Puppy training

Puppy training

Training is an important part of your puppy’s development. This takes place at home with you and at puppy school. 

Puppy training at home

You can start puppy training from the first day you come home. This includes house training your puppy, and maybe crate training them to sleep at night. Start to introduce some basic dog training techniques – such as teaching a puppy to sit  from when they are about 8 weeks old. The key is lots of praise and reward, and never punishment. Watch this short video from Dogs Trust Dog School about how to teach your dog to sit and lie down. 

Start teaching your puppy to walk on a lead in the house and the garden. This will help them to get used to the lead before you venture out into the big wide world with lots of distracting sounds, smells and sights.

There are lots of free puppy training videos to watch online – take a look at Blue Cross and Dogs Trust Dog School for some great puppy training tips.

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Puppy socialisation

Between the ages of 4-12 weeks, puppies are at their most inquisitive and receptive to new experiences. At this age you need to expose them to lots of different things that they may be scared of if they only encounter them for the first time in adult life. This includes people, sounds and objects. Loud noises such as fireworks are one of the most common fears experienced by dogs. Get your puppy used to different sounds and help them to not be scared of loud noises.

Puppy socialisation list

Your dog’s breeder should have started puppy socialisation training with your puppy. If you used the Puppy Contract when you got your puppy, it should contain information about the sounds and experiences to which they have already been exposed. Now it’s over to you to continue with the puppy socialisation plan.  This includes: 

Handling puppies 

Every day, spend time getting your puppy used to being handled, brushed, having their paws touched and teeth checked

Introducing puppies to new people

Introduce your puppy to people of different ages, gender and ethnicity. They should also be exposed to people wearing hats, glasses and using walking sticks. These are the sorts of things your puppy might encounter when out walking. 

Getting puppies used to household noises

Introduce your puppy to household sounds. This includes the washing machine, dishwasher, tv, doorbell and doors opening and closing. Introduce very loud household sounds, such as the hoover gradually. Let them see and sniff a hoover first, then move it around without switching it on a few times before you fully introduce your puppy to a hoover in action. Imagine how terrifying it must be as a small puppy the first time they see a hoover coming towards them!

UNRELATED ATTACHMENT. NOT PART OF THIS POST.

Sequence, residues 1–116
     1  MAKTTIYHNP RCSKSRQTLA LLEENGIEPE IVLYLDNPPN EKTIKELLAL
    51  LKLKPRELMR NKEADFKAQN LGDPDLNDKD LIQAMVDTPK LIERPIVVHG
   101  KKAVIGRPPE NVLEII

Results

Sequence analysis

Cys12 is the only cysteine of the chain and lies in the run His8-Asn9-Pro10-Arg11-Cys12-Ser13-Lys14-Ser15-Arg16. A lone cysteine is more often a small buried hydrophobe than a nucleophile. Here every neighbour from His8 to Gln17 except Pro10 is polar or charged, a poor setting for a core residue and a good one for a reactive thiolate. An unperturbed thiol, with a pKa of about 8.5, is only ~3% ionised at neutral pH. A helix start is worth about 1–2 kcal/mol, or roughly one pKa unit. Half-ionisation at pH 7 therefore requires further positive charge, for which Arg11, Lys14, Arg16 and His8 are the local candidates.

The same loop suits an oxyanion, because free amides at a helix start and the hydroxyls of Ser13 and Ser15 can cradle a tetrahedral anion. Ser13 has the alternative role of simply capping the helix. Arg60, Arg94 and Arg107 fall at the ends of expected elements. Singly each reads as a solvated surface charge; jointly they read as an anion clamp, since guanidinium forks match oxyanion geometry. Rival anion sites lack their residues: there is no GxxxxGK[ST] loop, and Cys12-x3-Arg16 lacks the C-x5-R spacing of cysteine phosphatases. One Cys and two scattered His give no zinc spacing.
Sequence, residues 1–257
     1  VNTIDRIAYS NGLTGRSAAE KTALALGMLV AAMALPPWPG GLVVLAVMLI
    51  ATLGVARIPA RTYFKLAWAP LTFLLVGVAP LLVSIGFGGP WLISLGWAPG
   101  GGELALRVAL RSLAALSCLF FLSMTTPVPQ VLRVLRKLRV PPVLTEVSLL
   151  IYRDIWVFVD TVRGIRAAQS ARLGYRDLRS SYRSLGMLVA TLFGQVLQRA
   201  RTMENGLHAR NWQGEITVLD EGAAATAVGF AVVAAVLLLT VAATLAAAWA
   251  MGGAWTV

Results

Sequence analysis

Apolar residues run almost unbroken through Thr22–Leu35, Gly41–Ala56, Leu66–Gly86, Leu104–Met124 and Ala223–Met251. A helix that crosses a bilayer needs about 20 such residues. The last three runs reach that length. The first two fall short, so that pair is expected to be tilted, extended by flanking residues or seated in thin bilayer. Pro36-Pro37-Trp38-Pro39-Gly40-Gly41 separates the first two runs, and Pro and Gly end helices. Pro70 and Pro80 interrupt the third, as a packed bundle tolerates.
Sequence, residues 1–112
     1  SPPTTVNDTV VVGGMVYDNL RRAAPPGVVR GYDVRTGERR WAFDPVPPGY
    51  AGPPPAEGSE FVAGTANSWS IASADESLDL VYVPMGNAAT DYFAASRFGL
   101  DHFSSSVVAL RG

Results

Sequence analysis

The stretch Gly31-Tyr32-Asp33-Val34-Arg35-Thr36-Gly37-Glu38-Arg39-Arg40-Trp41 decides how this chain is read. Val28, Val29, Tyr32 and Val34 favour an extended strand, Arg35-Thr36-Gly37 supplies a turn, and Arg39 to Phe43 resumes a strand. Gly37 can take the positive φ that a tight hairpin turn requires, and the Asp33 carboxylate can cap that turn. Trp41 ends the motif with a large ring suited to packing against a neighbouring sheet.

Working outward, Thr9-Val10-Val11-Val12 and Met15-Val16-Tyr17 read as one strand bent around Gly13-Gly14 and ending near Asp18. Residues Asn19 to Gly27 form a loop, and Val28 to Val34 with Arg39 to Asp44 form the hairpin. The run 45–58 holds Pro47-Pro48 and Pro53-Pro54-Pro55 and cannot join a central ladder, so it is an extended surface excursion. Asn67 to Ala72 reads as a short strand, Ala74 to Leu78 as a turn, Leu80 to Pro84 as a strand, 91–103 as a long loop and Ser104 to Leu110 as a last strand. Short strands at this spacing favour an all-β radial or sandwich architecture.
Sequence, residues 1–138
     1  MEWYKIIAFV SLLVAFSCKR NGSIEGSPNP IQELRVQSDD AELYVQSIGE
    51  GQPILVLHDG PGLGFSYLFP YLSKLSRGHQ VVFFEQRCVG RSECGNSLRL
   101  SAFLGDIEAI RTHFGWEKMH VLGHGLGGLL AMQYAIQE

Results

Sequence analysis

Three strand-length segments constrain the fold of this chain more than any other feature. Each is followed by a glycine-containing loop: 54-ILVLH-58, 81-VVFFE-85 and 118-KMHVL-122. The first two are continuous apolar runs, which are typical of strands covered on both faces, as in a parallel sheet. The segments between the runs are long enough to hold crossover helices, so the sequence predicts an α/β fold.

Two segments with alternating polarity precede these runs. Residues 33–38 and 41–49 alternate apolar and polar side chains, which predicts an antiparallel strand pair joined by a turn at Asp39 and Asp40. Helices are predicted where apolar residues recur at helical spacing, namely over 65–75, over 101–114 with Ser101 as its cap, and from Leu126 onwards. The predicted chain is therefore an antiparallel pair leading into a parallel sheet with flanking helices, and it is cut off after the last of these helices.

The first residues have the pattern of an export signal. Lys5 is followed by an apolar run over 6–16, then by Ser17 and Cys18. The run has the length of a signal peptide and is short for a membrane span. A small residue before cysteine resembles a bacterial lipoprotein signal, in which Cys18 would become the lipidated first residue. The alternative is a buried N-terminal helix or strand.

Getting puppies used to outdoor noises and experiences  

It’s good to expose your puppy to outside noises such as traffic, planes, cyclists, runners. This isn’t that easy as puppies must also be protected from disease until after they have had their second vaccinations. To overcome this, the Dogs Trust has produced a helpful sound therapy programme for dogs. This includes household sounds and outdoor noises, including fireworks, as well as the other sounds, such as a baby crying to help prepare dogs for the arrival of a new baby. 

Introducing puppies to other dogs

Puppies need to learn how to behave and be confident around other dogs. Many vets run puppy parties for 8 to 12 week old puppies. These can be a great way for puppies to meet other dogs, as long as there are just a small number of puppies and the environment is kept calm, quiet and clean.

Recommended reading

Life Skills for Puppies, written by Helen Zulch and Daniel Mills, is must-read book for new puppy owners. It will help you to incorporate teaching into the every day interactions you enjoy with your puppy. Buy from Amazon* for £9.79

Puppy training classes

It’s a good idea for you and your puppy to attend puppy training classes. It’s much easier to train puppies and establish positive behaviours when they are little, than undo negative behaviours. This includes pulling on the lead when out walking and not coming back when called.

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A quick search on Google will return plenty of options for local puppy training classes. But when is the right time the start puppy training classes and how do you do you choose the best puppy trainer? Here’s what you need to know about puppy school:

What age can puppies go to training classes?

After your puppy has had their second vaccinations, they will be ready to go to puppy classes. These are run by dog trainers or behaviourists as a short course. They cover basic dog training such as sit and stay, come when called and walking on a lead.

Choosing a good puppy training class

You’ll want your puppy to be in the best hands when it comes to training. Finding an Animal Behaviour & Training Council (ABTC) accredited dog trainer is key. Many ABTC accredited dog training networks run local puppy training classes. These include:

How much do puppy training classes cost?

Puppy training prices tend to be in the range of £50 – £100 for a 5 – 10 week course. 

See also

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